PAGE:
Leroy Rutherford, 72, watched his daughter, Chrissy Rutherford, start a brand consultancy out of her childhood bedroom in Bedford, N.Y., where she’s been staying since giving up her apartment in Manhattan last April. He may complain about the dirty dishes Ms. Rutherford leaves in the sink, but he admires her work ethic.
“She gets up from 8 in the morning and starts working. And 7 or 8 at night, she’s still on her phone or her computer,” Mr. Rutherford said. “That was nice seeing her start up something of her own.”
Ms. Schaffler, the mother in Indianapolis, concurred. “You always think they’re never going to be able to grow up and cope by themselves,” she said. “Well, he can and he has. Just listening to him on his work calls. Not eavesdropping but just listening. He’s sounding just like his dad now. I could appreciate and be quite proud of that.”
More than anything, there was time. Precious, unexpected time.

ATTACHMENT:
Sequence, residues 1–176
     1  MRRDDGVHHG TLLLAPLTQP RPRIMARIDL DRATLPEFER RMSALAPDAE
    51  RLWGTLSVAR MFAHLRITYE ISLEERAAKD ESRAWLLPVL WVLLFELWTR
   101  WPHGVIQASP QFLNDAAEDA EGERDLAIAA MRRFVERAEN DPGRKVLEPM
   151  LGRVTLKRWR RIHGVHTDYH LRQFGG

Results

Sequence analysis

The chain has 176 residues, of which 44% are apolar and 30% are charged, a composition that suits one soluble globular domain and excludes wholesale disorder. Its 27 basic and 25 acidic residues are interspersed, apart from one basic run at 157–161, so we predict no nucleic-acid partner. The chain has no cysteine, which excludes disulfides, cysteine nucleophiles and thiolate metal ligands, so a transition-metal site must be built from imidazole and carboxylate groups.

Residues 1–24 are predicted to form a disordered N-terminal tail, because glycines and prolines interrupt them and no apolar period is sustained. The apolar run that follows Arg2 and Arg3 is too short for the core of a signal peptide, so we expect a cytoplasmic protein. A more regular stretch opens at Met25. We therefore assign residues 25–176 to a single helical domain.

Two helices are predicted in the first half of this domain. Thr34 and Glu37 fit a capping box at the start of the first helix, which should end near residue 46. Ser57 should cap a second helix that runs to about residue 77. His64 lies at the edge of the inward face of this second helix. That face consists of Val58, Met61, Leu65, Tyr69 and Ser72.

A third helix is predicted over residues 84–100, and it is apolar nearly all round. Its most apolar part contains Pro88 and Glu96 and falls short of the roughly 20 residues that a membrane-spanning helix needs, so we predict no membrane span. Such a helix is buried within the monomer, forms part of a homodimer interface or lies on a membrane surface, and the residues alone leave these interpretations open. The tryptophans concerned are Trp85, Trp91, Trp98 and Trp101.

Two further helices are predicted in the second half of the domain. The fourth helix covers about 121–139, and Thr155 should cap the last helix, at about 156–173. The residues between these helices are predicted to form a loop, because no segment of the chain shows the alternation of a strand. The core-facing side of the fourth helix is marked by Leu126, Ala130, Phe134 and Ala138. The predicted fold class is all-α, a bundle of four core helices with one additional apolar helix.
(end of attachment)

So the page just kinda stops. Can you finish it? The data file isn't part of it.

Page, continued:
In the summer months, Mr. Vien, his wife and two children would stop working each day and have lunch together on the deck. He got to watch his son and daughter, four years apart and usually living on opposite coasts, develop a tighter relationship over their stay. His daughter had gone off to college in California at 17 and stayed there during breaks to do internships, and Mr. Vien and his wife had felt time with her had been “stolen.” The pandemic gave it back.
Shannon Holtzman, whose grown daughters, Carolyn and Larkin, both returned home to New Orleans for several months (Carolyn remains there), echoed the sentiment. “I regret the pandemic and wish it had never happened,” Ms. Holtzman said. “But for us, this has been a gift. We’ll likely never have this time again.”